Phoenix Industrial Investment Forecast
Phoenix Metro Area, 2018 Outlook
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Vibrant Economy Drives Speculative Construction, Pushes Rents to Cycle High

Developers focus on Phoenix as alternative shipping hub. Due to the metro’s relative proximity to the ports in LA and considerably lower costs compared with the Inland Empire, construction achieved a high this year with the majority of development taking place in the West Valley. The largest facility slated for delivery is the TEN project; its first phase, which will finish by midyear, contains 1.1 million square feet of speculative space near I-10 in Tolleson. The building is surrounded by other corporate distribution centers, such as those for QT and Target. Pet-related online retailer Chewy.com also established a presence this year with an 800,000-square-foot distribution center in Goodyear. Due to heightened completions, vacancy will log a slight increase this year after noting reductions in the previous four years. Despite the increase, demand remains strong as the metro’s vacancy has slid 260 basis points since 2014. Rents report a modest rise this year as a heightened amount of space becomes available, much of which is unleased.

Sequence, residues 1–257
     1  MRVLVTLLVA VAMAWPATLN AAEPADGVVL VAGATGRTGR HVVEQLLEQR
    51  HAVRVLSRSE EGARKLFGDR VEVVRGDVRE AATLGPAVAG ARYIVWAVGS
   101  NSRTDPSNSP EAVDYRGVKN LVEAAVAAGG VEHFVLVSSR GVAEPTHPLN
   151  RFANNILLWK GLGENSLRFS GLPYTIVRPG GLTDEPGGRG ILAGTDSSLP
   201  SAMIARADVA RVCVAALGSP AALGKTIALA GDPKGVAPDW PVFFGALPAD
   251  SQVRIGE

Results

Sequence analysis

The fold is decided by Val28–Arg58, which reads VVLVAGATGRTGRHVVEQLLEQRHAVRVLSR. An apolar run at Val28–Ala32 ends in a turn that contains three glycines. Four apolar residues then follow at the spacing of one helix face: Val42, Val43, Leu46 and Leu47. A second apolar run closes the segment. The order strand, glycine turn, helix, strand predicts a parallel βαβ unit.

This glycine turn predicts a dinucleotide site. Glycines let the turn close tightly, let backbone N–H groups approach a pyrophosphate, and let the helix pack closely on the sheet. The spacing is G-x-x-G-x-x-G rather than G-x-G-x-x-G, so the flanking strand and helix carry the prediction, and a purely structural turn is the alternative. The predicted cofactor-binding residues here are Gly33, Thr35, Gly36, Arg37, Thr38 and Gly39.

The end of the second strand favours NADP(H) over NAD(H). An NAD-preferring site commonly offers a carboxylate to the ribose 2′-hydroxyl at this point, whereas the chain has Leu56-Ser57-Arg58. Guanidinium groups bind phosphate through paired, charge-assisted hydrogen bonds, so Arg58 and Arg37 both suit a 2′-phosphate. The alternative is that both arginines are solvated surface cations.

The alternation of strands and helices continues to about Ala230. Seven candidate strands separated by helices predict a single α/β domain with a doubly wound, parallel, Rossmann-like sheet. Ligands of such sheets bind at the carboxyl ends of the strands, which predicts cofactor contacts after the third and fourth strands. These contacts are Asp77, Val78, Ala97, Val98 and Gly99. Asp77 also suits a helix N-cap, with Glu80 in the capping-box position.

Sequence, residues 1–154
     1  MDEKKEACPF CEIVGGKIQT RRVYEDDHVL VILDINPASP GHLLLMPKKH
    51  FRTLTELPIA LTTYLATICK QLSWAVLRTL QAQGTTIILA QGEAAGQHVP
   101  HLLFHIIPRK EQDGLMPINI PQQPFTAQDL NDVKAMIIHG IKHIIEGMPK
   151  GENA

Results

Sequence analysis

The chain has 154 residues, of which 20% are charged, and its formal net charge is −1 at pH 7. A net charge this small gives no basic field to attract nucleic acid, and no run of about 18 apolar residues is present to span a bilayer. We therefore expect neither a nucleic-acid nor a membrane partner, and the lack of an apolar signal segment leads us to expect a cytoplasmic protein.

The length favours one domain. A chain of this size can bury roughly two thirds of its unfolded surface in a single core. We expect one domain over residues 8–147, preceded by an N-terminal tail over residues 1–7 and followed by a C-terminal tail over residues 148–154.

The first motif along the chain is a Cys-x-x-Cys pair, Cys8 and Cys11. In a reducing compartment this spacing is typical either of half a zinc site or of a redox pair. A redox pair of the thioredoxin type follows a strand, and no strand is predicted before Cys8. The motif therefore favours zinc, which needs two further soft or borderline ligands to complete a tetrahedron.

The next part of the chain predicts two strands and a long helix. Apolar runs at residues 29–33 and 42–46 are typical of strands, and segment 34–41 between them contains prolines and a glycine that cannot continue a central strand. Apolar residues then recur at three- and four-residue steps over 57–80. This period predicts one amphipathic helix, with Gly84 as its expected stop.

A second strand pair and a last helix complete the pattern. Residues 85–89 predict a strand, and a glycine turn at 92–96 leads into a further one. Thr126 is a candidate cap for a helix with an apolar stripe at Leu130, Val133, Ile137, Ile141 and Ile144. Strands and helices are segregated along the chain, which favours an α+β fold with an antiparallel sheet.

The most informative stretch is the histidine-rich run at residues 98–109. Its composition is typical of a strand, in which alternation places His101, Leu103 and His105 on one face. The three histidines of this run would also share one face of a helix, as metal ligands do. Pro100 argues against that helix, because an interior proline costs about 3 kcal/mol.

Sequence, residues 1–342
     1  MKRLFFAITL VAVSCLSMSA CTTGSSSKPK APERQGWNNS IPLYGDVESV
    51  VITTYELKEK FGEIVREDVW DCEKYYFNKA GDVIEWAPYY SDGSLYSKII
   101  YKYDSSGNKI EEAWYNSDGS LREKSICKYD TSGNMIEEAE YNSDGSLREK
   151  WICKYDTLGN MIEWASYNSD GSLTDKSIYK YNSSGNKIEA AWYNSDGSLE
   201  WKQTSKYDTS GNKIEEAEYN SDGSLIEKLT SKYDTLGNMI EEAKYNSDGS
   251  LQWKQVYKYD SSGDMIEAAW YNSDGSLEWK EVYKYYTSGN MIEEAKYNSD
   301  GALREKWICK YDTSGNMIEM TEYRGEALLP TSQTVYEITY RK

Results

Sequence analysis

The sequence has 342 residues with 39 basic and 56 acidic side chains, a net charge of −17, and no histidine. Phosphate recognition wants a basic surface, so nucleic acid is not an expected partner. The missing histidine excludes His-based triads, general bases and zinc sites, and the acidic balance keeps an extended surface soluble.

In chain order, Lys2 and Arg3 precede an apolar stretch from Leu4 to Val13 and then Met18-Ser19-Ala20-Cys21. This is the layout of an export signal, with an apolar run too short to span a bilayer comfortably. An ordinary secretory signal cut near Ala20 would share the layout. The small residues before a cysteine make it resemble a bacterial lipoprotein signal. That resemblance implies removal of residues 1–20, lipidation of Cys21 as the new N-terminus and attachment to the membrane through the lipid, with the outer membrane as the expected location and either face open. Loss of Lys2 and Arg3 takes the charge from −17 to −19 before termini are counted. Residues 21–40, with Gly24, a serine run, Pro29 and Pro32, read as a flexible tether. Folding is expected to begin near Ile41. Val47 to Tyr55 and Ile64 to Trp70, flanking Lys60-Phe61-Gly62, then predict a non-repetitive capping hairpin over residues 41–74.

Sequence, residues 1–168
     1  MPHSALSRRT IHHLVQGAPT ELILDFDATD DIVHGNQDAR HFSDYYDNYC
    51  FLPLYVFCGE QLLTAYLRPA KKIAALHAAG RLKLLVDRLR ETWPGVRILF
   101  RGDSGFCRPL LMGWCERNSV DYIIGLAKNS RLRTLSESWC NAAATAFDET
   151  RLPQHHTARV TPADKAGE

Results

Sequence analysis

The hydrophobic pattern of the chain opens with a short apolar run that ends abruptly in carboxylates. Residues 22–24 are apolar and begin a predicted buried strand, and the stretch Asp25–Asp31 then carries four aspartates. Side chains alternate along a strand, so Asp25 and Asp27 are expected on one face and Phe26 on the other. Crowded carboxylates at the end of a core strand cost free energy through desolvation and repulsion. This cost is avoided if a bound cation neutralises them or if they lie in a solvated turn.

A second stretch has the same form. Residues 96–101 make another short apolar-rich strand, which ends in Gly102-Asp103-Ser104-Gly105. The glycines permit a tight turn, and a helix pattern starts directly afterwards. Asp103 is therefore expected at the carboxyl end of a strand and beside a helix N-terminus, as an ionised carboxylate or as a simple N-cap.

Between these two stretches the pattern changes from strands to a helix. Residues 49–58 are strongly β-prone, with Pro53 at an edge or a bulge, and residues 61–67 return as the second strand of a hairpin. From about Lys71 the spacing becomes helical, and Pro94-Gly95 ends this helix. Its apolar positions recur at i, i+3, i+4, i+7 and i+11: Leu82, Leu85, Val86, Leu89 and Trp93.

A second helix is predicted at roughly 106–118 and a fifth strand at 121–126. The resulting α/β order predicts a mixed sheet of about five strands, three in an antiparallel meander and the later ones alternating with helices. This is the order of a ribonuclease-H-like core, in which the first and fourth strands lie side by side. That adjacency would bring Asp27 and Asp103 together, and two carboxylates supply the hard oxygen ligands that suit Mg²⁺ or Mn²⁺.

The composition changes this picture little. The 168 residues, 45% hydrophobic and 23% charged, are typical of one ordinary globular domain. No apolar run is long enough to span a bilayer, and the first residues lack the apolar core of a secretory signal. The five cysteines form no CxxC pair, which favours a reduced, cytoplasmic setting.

Industrial space near urban core entices in-state buyers. Local and regional investors continue to direct their interest to Phoenix this year, lured by lower entry costs and first-year yields up to 200 basis points higher than nearby markets in Southern California. Warehouses in the East Valley, particularly Chandler and Tempe, serve as viable options to institutional investors looking to deploy capital into Class A space. Initial returns for these assets range in the mid-5 to mid-6 percent realm. Manufacturing facilities around Phoenix Sky Harbor International Airport and in the various industrial districts just south of Grand Canyon University changed hands to become owner-user assets this year due to relatively low entry costs. Cap rates for these spaces typically sit in the upper-7 to lower-8 percent band.